(almost) FO: ripe bananas lap blanket.

I say almost because I haven’t blocked this or woven in any of the ends. But I bound off yesterday while taking a break from this paper, and I am in love. I decided to go with a slightly browner shade of grey for the border because the center color seemed a bit too bright next to the red, yellow and brown handspun.  Boh is shedding right now, and the kitchen table was covered with stuff yesterday, so I couldn’t find a good spot to photograph the blanket in full-on square form. I’ll do that soon, so you can see what it looks like unfolded. Thanks to Cosy for a great pattern (coming soon!) and for her knitting advice and support. This rooster can now read a chart written for a round project (yay!) and experienced the bliss of really getting into a lace pattern.

Oh, right. The details: Ripe bananas lap blanket, by Cosy, pattern forthcoming. (I used the pattern as written, save a few purl rows, which I omitted at a few of the yarn transitions.) I used US 7 needles, and a mixture of yarns,  including Brown Sheep Top of the Lamb worsted, handspun targhee (fiber from AVFKW), handspun CVM (fiber from Cosy), handspun shetland singles (fiber from AVFKW), Cascade 220 heathers in a rusty red, handspun corriedale (fiber from Spunky Eclectic), and Cascade Ecowool. The finished size, which I know you can’t see, is a substantial lap blanket — perfect for curling up under while reading for my comprehensive exams.

Happy weekend, folks. Back to writing!

ripening bananas.

Here you can see the darker orange handspun I transitioned to when I headed back to the beginning of the lace chart. (This is actually CVM farm wool, purchased from Cosy, so of course it had to go into my testknit of her fabulous ripe bananas lap blanket pattern.)

And here’s the blanket with about eight rows of lace and increases to go. I wasn’t sure how far I’d be able to knit with the orange CVM farm wool, and as you can see, I finished a row with about 5 yards left — perhaps not enough to get all the way around again. So I went back to the pile of handspun I set aside for this project, and wound a smallish skein of shetland singles in reds and taupes into a ball. I think this will be perfect for the rest of the lace section, and it will complete the lighter to darker gradient I’m going for.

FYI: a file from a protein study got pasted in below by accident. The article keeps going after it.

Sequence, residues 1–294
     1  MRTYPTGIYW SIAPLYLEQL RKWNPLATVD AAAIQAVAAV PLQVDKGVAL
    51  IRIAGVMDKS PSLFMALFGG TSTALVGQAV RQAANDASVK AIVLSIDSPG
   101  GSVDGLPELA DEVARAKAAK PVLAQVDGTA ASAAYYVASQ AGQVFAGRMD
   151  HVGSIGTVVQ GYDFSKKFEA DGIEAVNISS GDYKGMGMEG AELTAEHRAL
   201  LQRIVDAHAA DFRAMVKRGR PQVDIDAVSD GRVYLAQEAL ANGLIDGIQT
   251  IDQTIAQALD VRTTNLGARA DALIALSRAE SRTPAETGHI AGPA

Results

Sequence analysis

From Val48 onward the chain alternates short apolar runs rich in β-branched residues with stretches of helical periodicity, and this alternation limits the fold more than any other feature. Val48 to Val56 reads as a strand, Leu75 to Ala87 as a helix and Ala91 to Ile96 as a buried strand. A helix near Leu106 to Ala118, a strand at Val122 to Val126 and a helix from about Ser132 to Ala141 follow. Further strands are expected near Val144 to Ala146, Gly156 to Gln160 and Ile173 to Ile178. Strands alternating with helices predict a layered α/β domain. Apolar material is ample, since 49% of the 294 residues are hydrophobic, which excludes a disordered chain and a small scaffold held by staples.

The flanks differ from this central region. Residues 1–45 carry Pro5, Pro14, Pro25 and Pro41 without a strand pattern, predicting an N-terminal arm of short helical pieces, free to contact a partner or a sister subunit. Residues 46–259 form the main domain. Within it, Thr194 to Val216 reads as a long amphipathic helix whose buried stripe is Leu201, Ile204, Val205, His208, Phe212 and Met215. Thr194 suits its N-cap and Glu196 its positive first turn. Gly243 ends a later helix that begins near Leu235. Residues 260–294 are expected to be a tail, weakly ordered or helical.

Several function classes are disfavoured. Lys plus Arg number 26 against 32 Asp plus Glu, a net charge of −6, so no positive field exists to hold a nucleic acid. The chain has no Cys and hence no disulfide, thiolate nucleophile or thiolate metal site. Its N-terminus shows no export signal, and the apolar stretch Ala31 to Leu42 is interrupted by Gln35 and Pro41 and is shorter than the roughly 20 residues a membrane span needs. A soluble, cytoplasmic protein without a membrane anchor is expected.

I am planning to knit knit knit on this over the weekend!

happy lace.

Isn’t it, though? Last night I proctored a prelim. I brought reading to do, but I was up and down to answer questions every ten minutes or so, and just couldn’t focus on my work. Luckily, I had tucked the lap blanket I’m test-knitting for Cosy into my bag, and as the students worked, I got through another repeat or two. I love the slight variegation in this orangey handspun.

Also, I wore my garter yoke cardigan on Wednesday, and snapped a photo before dashing off to lecture. There’s something not-quite-right with the fit/style of this for me. I think the sleeves are a bit too wide to be 3/4 length, and buttoned up, I feel sort of matronly. (This might just have to do with the fact that I spend most of my time on a college campus.) Anyway, I decided to wear it over a super bright mustard-yellow shirt, and I think that worked. Thus concludes this edition of “knits-in-action.”

I’m off to the land of my bright college years for the weekend. Not looking forward to the drive, but so happy that it is finally Friday.

FO: parritch. (Also, peonies.)

It was humid this weekend, which meant that Parritch took forever to dry. Just before heading out to dinner on Saturday, I considered wearing the still slightly damp skein as a necklace. Awesome, no?